London has some of the world’s greatest museums and art galleries, but very occasionally it is worth going further afield for an exceptional exhibition. One of these exhibitions is the All the Rembrandts at the Rijksmuseum in Amsterdam which features 22 Rembrandt paintings, 60 drawings and more than 300 prints of the artist’s etchings.
Rembrandt van Rijn was born in Leiden in the Netherlands in 1606 and died in 1669 in Amsterdam and is considered one of the greatest artists in the history of art. It was in Amsterdam that Rembrandt made his name with his prints and paintings, he became a famous painter in his lifetime and earned enough money to buy a large house in Amsterdam.
The exhibition spans the whole of Rembrandt’s artistic career in which he records the height of the Dutch Golden Age when Amsterdam became the focus of a remarkable economic miracle that saw land reclaimed, dykes built and grand canal houses constructed for wealthy merchants and financiers. It was this remarkable transformation that provided the subject matter for Rembrandt including landscapes, portraits, and group portraits. Although Rembrandt painted portraits of merchants and burghers of the city, he also depicted day-to-day scenes of life in the street with sketches of beggars, tradespeople and street musicians.
Rembrandt is famous for his self portraits and two portraits in the exhibition illustrate the both ends of the artist’s career. Self-Portrait (1628), shows a confident Rembrandt at the beginning of his career.
In contrast, Self-Portrait as the Apostle Paul (1661) shows a world weary artist who was dealing with personal and financial difficulties.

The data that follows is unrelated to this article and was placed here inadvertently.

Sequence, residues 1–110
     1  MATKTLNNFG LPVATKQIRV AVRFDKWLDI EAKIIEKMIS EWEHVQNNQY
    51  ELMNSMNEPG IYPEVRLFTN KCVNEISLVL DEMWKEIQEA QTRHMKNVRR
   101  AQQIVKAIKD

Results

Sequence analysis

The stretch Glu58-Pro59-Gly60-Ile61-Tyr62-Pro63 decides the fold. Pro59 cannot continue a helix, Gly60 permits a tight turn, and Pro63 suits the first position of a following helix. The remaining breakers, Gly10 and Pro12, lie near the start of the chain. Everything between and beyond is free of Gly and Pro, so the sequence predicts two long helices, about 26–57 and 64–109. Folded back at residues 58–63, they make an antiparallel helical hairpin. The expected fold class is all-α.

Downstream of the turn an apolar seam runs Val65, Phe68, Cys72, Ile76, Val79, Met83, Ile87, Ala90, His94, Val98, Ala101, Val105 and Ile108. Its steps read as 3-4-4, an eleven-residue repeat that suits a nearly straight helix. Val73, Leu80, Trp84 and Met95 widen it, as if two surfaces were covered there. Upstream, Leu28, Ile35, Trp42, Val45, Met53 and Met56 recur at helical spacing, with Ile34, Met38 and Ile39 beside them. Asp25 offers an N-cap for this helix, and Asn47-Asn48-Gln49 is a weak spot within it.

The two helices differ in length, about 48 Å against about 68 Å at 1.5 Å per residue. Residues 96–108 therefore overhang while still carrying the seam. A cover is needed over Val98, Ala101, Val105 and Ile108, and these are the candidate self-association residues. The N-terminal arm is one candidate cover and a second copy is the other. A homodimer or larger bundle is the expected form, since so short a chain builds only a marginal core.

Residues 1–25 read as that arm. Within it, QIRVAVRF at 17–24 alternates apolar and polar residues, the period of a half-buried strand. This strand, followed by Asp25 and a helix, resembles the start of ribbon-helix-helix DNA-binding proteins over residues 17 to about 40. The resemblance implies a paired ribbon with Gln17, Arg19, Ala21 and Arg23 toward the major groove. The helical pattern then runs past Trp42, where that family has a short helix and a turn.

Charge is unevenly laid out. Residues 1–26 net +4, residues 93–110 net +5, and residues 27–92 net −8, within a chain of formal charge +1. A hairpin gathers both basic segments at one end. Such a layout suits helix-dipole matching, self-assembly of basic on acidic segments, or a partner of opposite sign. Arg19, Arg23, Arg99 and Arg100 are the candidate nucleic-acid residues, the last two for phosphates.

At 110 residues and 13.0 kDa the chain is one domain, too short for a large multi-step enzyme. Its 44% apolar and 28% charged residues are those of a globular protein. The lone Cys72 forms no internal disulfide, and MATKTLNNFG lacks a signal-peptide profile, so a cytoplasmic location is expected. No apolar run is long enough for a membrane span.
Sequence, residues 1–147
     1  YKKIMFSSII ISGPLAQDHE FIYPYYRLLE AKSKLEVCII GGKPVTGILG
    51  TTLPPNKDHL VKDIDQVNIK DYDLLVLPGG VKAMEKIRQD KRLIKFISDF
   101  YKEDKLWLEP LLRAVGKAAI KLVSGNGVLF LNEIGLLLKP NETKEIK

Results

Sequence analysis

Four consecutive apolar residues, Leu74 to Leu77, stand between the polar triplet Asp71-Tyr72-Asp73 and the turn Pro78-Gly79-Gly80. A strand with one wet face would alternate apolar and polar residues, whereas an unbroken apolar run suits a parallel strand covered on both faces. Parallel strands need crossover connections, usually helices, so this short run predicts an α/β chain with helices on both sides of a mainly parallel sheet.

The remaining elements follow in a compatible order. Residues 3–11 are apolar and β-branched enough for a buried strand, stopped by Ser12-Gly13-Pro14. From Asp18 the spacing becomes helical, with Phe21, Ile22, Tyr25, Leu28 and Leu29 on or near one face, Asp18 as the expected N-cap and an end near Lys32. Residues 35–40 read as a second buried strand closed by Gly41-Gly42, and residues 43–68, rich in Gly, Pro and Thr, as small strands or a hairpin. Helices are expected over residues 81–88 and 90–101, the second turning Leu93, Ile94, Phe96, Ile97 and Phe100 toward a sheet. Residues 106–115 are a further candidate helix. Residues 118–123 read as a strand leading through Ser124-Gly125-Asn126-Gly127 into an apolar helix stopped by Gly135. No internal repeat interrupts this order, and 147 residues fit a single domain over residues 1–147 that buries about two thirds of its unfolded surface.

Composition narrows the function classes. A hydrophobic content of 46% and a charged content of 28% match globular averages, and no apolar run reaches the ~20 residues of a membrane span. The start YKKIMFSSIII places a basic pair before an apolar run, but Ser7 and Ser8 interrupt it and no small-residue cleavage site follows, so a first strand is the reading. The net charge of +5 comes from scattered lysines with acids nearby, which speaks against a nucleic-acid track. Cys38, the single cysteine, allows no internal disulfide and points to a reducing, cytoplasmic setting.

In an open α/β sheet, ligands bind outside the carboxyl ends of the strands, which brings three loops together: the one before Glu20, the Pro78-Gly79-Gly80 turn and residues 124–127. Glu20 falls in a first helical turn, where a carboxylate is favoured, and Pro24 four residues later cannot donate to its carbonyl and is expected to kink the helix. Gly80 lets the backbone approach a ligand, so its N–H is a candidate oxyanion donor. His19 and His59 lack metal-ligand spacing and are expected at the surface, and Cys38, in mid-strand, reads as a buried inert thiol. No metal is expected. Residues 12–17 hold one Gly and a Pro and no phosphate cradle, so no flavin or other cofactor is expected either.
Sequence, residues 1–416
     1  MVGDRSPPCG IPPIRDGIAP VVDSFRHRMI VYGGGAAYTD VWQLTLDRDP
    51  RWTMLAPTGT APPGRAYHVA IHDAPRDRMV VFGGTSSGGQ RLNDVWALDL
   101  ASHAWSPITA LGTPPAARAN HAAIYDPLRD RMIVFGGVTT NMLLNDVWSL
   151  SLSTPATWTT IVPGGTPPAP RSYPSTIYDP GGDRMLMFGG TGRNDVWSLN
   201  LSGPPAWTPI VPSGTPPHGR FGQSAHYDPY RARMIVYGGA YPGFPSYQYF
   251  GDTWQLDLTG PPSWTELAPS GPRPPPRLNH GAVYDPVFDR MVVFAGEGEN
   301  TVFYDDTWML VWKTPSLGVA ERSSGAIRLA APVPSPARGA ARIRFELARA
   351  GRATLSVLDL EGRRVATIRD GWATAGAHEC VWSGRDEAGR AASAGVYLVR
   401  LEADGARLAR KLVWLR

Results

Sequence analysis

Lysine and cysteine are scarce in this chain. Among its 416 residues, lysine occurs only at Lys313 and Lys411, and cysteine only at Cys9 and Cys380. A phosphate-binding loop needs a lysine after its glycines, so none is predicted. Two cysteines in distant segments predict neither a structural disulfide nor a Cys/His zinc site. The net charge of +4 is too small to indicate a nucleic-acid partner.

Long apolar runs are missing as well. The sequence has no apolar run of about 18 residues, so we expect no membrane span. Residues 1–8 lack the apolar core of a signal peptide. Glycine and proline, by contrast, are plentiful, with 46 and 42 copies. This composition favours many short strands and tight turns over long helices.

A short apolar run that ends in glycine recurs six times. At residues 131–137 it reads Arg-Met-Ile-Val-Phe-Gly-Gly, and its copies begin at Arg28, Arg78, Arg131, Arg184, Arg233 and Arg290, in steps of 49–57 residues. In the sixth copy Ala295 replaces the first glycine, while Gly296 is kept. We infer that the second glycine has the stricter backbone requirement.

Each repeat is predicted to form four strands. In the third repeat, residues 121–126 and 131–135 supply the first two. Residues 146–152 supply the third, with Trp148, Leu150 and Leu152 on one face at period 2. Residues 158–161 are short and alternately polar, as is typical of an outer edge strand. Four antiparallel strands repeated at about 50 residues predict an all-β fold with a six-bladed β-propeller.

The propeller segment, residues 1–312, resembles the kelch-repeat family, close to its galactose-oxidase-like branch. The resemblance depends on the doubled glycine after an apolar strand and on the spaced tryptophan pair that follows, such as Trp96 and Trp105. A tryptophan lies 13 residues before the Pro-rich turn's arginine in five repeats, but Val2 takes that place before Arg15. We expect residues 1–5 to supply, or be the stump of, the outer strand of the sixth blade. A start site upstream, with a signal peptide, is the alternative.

In the various rooms, oil paintings are surrounded by drawings and prints to give a full range of the artists abilities. Part of Rembrandt’s genius is the relationship between the painting and the viewer, The Sampling Officials of the Amsterdam Drapers’ Guild, Known as ‘The Syndics’, (1662) look up as the viewer has interrupted a important meeting.
Rembrandt captures a tender moment between Isaac and Rebecca, Known as ‘The Jewish Bride’ ( c. 1665 – c. 1669), the thickly applied paint provides a depth that heightens the emotions of the couple.
Rembrandt’s wide range of painting includes still life like Still Life with Peacocks (c. 1639), the unusual subject matter includes a peacock hung upside down in a pantry. Peacocks were considered a delicacy for the Amsterdam elite and were used as a filling for pasties.
The artist is less known for his landscapes, however the exhibition includes Landscape with a Stone Bridge, (c. 1638) which plays with light and dark within an approaching storm.
Rembrandt excelled at biblical and historical scenes, the exhibition features The Denial of St Peter (1660), Jeremiah Lamenting the Destruction of Jerusalem (1630) and Tobit and Anna with the Kid (1626).
Portraits like Johannes Wtenbogaert (1633), Portrait of a Woman, Possibly Maria Trip (1639), Portrait of Dr Ephraïm Bueno, (1645 – 1647) and Portrait of Haesje Jacobsdr van Cleyburg (16340 illustrate why the artist was in great demand with Amsterdam’s elite.
The introspection in the portrait Rembrandt’s Son Titus in a Monk’s Habit (1660) may reflect the artist’s often fractious relationship with his son.
If you can tear yourself away from the paintings, it is worth getting close up to the many drawings and prints to get some idea of Rembrandt’s remarkable draughtsmanship. Ironically, one of Rembrandt’s most famous work, The Night Watch is not in the exhibition but is featured in another gallery in the Rijksmuseum.
This fascinating exhibition provides plenty of insights into one of the world’s great artists and the Dutch Golden Age. Rembrandt was inspired by the dramatic transformation of the city around him and many of the Amsterdam’s elite saw Rembrandt as part of a Dutch cultural renaissance that matched the economic revolution.
The crowds attending the exhibition is an indication that even 350 years after his death, Rembrandt still holds a fascination for the Amsterdam public and beyond. This comprehensive exhibition is a worthy tribute to a remarkable artist who defies easy catergorisation with his intense portrayal of humanity in all its guises.
Visiting London Guide Rating – Highly Recommended
For more information or to book tickets, visit the Rijksmuseum website here
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